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An Experiment... (27/01/2008 12:49:00 AM)

Before the return to uni, I thought I would run a wee-little experiment. Lets see how many people remain oblivious to what's about to happen over the next month or so. Consider it a bit like the experiment Lisa Simpson ran to compare Bart to a Hamster.

Not much has happened - except work atleast 5 days a week, and the fact I have had some time to tidy up CMSv3 which should be ready to trial as of tomorrow night.

ohmg_120

I brought n IBM ThinkPad T60p aswell. Has the following specs (which consequently makes it the most powerful computer I have now)

  • Intel Core Duo T7200 (2.0GHz)
  • 4GB of RAM
  • 100GB SATA HDD
  • DVD Burner
  • 15.4" Wide Screen (1680x1050)
  • 256MB ATI FireGL V5250 (Equivalent to Radeon X1700)
  • 9 Cell Battery
  • 3 Year Warranty

Got it for a steal - $1,302 brand new! So yeah - I can now say that I have purchased a brand new laptop before ;)

Catch you guys around,
Orb!ter

 


Update: 8:00PM

I thought it was worth me putting my few cents down here aswell. Linux is gaining a lot of popularity recently, especially through devices such as Asus' eeePC and numerous other vendors giving major discounts for choosing Linux over Windows. Take for example American vendor gOS. They are manufacturing Sub-$199US PC's that run their own Mac OS X ripoff of a Linux Operating System.

When it comes to deciding what needs to be in a Personal Computer these days, it's gone beyond the 'walk in, walk out with $$$ PC', people are considering the alternatives in the market to the standard Microsoft Windows offerings. With Linux, we have an entirely new line of computing that means just about everyone can own a modern computer system without feeling like they are operating an old clunker from 1965!!! What market am I talking about? Well, one market often sought after by the IT Geeks who can build their own computers themselves by getting the best bargains is that market!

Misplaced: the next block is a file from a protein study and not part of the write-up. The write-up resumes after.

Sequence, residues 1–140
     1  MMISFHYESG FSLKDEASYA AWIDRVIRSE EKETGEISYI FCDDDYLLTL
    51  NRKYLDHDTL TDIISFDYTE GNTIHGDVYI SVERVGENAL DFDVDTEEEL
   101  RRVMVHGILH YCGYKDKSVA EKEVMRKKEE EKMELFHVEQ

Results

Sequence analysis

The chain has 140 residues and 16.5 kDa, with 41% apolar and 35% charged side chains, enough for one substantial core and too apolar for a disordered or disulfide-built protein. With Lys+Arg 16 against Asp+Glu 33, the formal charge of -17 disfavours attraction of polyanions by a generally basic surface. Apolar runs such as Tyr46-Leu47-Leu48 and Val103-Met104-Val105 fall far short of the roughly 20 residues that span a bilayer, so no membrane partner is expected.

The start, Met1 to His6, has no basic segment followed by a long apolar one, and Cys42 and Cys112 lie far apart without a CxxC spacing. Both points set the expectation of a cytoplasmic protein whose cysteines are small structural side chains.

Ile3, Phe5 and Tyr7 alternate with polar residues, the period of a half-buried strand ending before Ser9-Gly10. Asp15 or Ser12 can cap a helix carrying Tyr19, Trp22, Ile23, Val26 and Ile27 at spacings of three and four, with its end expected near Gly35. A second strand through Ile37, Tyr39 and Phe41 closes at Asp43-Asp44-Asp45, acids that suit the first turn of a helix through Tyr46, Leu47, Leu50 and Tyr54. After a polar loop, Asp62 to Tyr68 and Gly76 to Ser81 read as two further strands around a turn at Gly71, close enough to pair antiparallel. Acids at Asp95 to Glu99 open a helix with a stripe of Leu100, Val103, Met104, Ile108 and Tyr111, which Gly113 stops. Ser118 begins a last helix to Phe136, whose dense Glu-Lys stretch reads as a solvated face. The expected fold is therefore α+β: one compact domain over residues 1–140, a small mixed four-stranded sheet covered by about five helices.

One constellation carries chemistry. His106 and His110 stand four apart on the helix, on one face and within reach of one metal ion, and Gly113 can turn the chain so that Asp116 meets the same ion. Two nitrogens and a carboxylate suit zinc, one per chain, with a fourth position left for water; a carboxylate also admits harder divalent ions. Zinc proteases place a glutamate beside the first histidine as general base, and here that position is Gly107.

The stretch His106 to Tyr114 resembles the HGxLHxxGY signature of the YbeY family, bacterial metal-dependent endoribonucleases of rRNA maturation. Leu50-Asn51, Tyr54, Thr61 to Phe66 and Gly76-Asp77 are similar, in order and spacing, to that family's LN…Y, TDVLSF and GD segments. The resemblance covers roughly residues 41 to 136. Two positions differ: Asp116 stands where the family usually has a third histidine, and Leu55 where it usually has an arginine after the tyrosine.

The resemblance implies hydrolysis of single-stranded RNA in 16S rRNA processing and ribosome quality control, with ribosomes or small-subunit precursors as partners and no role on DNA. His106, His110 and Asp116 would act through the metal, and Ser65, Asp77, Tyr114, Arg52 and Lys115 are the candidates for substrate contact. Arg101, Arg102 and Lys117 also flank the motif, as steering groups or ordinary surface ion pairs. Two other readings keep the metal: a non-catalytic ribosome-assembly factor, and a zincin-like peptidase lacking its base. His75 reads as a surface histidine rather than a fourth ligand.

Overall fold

Whilst there are some subtle differences (such as the architecture, size and power) as per group, having a $200US computer (under $300 Australian if in the future released here) brings about a whole new definition of cheap computing. By avoiding Windows, a consumer can potentially save $50-$300 on a computer, and one such example currently offered by Acer is one of their latest Celeron-M powered notebooks at $499 after $80 cashback

Which one looks more pleasing to those after a general, every day computer? The Asus eeePC with 7" Screen. limiting RAM and HDD Space and no optical drive, or the Acer 14" Wide Screen laptop with DVD Burner and 80GB HDD? Whilst the consumer could shell out and purchase a Compaq, HP etc... with a Windows license, for those simply using Office related products, browsing the web, burning a few DVD's, listening to music, checking e-mail, using VoIP products, editing photos etc... Linux offers it all, and now without the headache of preconfiguring all the software yourself.

I mean, have masses of people yet complained about the eeePC being so difficult that it is next to impossible to use or configure to run the latest sound card, or view the 3D Desktop under Ubuntu in eeePC's offering? I didn't think so (and any minor complaints could potentially match that of Windows and Macintosh users) and it does go some way to proving a theory I and many others share. Linux is NOT difficult to use, nor is it difficult to configure - just as long as the right mixture of options co-exist to create a usable operating system.

Whilst there is some evidence suggesting that some people simply wipe the existing Linux installation, and install bootlegged copies of Windows XP on these computers, but how many "average users" buying these computers would know where to look for these patched operating systems to use on these altered architectures? 

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